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January 31, 2014

After snow, mayor, gov. play blame game

NORMAN — When the snow started falling Tuesday and cars lined up on the highways, Georgia Gov. Nathan Deal and Atlanta Mayor Kasim Reed were at an awards luncheon, smiling and back-slapping each other as the Republican governor introduced the Democratic mayor, who was named a local magazine’s “Georgian of the Year.”

Just 40 minutes earlier, the mayor declared via Twitter: “Atlanta, we are ready for the snow.”

Within hours, the metropolitan area was in gridlock with tens of thousands of people, including some children on school buses, stranded on icy, wreck-strewn roads.

Two days later, the ice was thawing, the children were home and abandoned vehicles were being reclaimed, yet Deal and Reed have scrambled to explain how it all happened after the National Weather Service — despite the governor’s claims to the contrary — clearly warned of a dangerous scenario.

Both men have played the blame game delicately, perhaps knowing political futures are sometimes made or squashed by storm preparations and response, and that the city that has a long and painful past of being ill-prepared for nasty winter weather.

Reed, who recently began his second term, holds ambition for a statewide run, possibly for governor.

Deal is running for re-election this year, and Democrats believe he is vulnerable.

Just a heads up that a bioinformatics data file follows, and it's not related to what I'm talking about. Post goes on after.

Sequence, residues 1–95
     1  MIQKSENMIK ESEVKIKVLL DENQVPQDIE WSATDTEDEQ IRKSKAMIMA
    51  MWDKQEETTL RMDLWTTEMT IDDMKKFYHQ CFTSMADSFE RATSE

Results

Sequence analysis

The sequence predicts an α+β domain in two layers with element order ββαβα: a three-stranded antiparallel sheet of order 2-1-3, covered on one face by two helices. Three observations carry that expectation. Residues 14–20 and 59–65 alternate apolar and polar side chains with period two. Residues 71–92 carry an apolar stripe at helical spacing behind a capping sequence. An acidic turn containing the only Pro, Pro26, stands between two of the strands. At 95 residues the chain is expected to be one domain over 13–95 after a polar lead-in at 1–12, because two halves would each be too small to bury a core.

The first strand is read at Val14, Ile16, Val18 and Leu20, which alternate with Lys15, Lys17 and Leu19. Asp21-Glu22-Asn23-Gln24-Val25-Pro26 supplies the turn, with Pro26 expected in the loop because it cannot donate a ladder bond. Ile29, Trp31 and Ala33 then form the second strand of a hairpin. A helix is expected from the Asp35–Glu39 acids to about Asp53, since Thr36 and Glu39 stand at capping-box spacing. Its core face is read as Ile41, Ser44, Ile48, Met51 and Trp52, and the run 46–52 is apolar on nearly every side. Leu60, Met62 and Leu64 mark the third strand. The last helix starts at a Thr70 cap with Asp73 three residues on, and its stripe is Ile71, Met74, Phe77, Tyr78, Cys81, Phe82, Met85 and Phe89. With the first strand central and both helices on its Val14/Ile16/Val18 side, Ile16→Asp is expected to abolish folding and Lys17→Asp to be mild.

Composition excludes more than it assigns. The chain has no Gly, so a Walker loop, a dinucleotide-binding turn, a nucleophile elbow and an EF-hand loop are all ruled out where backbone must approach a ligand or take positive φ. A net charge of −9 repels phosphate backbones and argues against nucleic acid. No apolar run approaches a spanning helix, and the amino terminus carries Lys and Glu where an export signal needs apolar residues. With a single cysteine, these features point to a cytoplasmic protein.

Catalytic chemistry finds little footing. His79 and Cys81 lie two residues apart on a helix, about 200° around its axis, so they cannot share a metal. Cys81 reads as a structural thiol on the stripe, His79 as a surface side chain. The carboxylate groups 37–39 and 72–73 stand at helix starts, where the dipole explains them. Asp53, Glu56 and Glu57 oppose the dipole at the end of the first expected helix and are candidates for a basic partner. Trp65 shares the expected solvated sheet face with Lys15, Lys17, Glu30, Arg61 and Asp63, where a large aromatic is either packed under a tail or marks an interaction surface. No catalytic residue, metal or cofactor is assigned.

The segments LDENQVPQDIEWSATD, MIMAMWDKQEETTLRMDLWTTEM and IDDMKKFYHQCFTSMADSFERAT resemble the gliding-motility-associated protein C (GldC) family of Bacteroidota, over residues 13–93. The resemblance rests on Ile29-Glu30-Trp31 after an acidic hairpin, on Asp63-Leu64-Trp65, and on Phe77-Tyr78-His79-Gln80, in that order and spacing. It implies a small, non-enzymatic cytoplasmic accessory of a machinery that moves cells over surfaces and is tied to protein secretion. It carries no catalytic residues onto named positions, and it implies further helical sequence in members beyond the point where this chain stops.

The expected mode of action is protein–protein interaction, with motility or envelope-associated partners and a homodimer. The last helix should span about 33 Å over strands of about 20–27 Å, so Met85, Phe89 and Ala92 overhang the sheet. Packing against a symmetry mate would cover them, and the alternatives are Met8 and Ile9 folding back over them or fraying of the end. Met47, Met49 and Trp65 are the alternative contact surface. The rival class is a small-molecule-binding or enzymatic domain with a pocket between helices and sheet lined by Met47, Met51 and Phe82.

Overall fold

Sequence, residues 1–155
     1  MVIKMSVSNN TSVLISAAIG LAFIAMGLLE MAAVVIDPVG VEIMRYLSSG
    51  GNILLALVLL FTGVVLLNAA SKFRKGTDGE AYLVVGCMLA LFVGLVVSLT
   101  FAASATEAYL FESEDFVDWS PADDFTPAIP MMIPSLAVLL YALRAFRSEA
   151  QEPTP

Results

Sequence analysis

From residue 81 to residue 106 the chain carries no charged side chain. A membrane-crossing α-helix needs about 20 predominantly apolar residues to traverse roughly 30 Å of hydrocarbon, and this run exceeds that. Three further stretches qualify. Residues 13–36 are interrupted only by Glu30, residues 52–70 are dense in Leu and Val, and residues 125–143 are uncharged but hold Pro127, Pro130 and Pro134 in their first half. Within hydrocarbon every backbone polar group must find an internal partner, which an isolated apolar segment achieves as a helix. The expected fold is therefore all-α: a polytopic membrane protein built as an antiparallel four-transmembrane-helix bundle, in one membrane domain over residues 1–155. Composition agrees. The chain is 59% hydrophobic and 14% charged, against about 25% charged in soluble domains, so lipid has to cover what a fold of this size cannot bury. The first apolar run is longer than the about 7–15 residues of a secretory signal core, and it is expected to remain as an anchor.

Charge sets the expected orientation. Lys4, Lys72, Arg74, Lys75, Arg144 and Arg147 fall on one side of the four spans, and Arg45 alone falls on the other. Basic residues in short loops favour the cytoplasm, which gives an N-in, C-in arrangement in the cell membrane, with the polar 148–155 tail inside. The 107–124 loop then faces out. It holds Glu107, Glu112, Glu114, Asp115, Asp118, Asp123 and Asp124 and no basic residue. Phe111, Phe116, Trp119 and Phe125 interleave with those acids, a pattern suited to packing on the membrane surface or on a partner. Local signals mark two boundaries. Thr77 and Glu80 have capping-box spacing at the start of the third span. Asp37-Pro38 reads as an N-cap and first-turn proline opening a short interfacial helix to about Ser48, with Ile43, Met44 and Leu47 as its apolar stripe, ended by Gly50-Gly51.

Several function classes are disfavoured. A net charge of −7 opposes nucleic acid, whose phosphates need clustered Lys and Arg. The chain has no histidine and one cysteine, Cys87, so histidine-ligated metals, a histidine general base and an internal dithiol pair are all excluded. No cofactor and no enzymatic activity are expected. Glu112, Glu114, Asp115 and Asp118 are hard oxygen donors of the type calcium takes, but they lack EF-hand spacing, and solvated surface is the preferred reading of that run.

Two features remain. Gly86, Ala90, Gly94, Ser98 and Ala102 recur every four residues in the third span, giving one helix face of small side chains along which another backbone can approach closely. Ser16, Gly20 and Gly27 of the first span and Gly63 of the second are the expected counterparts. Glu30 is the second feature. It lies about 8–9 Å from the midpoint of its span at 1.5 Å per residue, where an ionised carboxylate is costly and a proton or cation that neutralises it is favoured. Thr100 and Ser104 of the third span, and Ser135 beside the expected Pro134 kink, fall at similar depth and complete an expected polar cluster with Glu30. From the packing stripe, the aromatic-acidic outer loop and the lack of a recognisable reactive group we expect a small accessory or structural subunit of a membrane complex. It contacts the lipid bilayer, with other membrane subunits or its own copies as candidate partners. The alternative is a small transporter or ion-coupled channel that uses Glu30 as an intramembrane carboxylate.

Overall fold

On Thursday, the governor offered his clearest apology yet. He acknowledged he was sleeping in wee hours of Tuesday morning when the National Weather Service upgraded its warning for the entire metro area, and he said his administration didn’t prepare well enough.

“Certainly things could have been done earlier,” he said, pledging a full review of the state’s emergency planning. “We will be more aggressive. We will take those weather warnings more seriously.”

Since the storm, Deal and Reed have mostly alternated between qualified apologies and defensive explanations about what they do and don’t control, each of them carefully avoiding explicitly pointing the finger at the other, a reflection of their odd-couple political alliance on projects like a new downtown stadium and deepening a key port in Savannah.

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